Classification task with 6 different algorithms using Python

There are 6 classification algorithms that can predict death with heart failure; Random Forest, Logistic Regression, KNN, Decision Tree, SVM and Naive Bayes to find the best algorithm.

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Introduction

In this blog post, I will use 6 different classification algorithms to predict death with heart failure.

To do this, we will use classification algorithms.

Here is the algorithm I will use;

  • random forest
  • Product Supply Synthesis
  • KNN
  • decision tree
  • SVM
  • Innocent Bais

And after that, I will compare the results with;

  • correctness
  • accuracy
  • remember
  • F1 score.

This will be longer than my other blog posts, yet after reading this article, you will probably have a vast knowledge about machine learning classification algorithms and evaluation metrics.

If you’d like to learn more about machine learning terms, here’s my blog post, Machine Learning AZ Briefly Explained.

Now let’s start with the data.

Data exploration

Here is the dataset from the UCI Machine Learning Repository, an open-source website, you can reach many other datasets, which are specifically categorized by task (regression, classification), attribute type (categorical, numerical) and more.

Or if you want to find where to find free resources to download datasets.

Now, this dataset contains medical records of 299 patients who had heart failure and 13 clinical features exist, which are;

Age (years) Anemia: Decrease in red blood cells or hemoglobin (Boolean) Hypertension: If patient has high blood pressure (Boolean) Creatinine Phosphokinase (CPK): Level of CPK enzyme in blood (mcg/L) Diabetes: If patient has diabetes (Boolean) Ejection Fraction: Percentage of blood leaving the heart in each contraction (percentage) Platelet: Platelets in blood (kiloplatelets/mL) Gender: Female or male (binary) Serum creatinine: Level of serum creatinine in blood (mg/dL) Serum sodium: Level of serum sodium in blood (mEq/ L) Smoking: If the patient smokes or not (boolean) Time: Follow-up period (days)[ target ] Death Event: If the patient died during the follow-up period (Boolean)

After loading the data, let’s take a first look at the data.

Photo by author

To implement a machine learning algorithm, you need to be sure of the data type and check whether the column contains non-null values.

Photo by author

Sometimes, our data set can be sorted along a specific column. That’s why I’ll use the sampling method to find out.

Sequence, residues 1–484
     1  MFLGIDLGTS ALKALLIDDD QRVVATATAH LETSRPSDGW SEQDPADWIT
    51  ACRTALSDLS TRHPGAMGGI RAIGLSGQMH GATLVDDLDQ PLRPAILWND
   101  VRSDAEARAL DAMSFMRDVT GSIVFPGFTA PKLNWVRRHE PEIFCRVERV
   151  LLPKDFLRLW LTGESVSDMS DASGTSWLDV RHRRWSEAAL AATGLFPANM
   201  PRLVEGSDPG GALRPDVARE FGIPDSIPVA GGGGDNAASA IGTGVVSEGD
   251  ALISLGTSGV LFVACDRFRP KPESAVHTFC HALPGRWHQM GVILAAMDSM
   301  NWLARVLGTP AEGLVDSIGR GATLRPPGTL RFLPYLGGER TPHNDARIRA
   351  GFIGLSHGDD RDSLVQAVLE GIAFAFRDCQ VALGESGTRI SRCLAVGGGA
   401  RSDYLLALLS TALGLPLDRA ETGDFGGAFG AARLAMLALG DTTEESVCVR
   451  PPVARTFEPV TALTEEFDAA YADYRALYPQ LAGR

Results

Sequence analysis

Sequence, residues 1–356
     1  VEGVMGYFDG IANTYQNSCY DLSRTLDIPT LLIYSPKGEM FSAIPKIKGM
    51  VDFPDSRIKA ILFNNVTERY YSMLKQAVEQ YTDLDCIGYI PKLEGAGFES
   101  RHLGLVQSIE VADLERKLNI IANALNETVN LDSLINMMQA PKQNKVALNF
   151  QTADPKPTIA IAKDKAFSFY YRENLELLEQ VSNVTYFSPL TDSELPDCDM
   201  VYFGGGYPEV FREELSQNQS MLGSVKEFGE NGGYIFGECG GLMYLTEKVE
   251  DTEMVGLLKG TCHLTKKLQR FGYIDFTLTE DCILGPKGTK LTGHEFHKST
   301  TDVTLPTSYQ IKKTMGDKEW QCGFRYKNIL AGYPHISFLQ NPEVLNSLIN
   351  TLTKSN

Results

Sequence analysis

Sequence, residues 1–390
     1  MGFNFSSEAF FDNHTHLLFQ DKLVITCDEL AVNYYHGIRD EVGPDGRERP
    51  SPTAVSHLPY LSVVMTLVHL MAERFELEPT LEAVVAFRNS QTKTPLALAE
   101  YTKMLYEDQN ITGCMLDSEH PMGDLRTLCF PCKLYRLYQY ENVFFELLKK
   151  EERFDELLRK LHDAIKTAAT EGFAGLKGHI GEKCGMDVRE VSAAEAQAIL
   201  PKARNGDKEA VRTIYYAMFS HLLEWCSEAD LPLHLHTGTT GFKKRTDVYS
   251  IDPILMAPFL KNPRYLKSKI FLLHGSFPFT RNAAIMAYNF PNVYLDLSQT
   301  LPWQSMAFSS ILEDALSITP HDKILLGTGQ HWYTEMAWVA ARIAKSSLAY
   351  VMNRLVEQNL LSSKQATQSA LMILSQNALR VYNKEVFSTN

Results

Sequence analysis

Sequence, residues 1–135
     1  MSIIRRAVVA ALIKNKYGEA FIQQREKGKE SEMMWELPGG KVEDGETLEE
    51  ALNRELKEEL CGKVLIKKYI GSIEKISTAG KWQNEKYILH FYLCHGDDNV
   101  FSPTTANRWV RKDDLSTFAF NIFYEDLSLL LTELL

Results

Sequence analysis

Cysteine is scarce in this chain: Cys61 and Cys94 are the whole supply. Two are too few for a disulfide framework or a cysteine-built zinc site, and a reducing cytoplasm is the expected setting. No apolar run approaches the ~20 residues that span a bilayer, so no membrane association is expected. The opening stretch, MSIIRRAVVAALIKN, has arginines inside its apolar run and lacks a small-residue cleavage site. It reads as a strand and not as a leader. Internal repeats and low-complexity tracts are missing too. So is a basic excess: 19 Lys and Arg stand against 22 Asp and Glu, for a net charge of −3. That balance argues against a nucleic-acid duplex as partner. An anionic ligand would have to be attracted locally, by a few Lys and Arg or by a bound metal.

However, if you want to see the source code of this project, subscribe me here and I will send the codes with details in PDF.

Now, let’s continue. Here are 5 random sample rows from the dataset. Note that, if you run the code, the rows will be completely different because these functions return rows randomly.

Photo by author.

Now let’s calculate the value from high blood pressure. I know how many alternatives exist for this column (2) but still checking makes me feel competent about the data.

Photo by author

Yes, it looks like, we have 105 patients who have hypertension and 194 patients who don’t.

Let’s look at the calculation of smoking standards.

Photo by author

I think that’s enough with data exploration.

Let’s do some data visualization.

Of course, this part can be extended due to the needs of your project.

Here’s a blog post that includes examples of data analysis with Python, specifically using the Pandas library.

Data visualization

If you want to examine the distribution of features, eliminate them or detect outliers.

Photo by author – Distribution graph

Of course, this graph is just informative. If you want to look closer to identify outliers, you need to plot each graph.

Photo by author

Now, let’s come to the feature selection part.

However, Matplotlib and seaborn are very useful data visualization frameworks. If you want to know more about them, here is my article, About Data Visualization for Machine Learning with Python.

Feature selection

PCA

Well, let’s choose our features.

By doing PCA, we can actually find n feature counts explaining x percent of the data frame.

Here, it seems, about 8 features will be enough for us to explain %80 of the dataset.

PCA – Image by the author

Correlation graph

Correlated features, will destroy the performance of our model so after doing PCA, draw a correlation map to remove the correlated features.

Correlation map – Image by author

Here, you can see the highly correlated relationship between sex and smoking.

The main purpose of this article is to compare the results of classification algorithms, so I will not exclude them both, but you can in your model.

Model building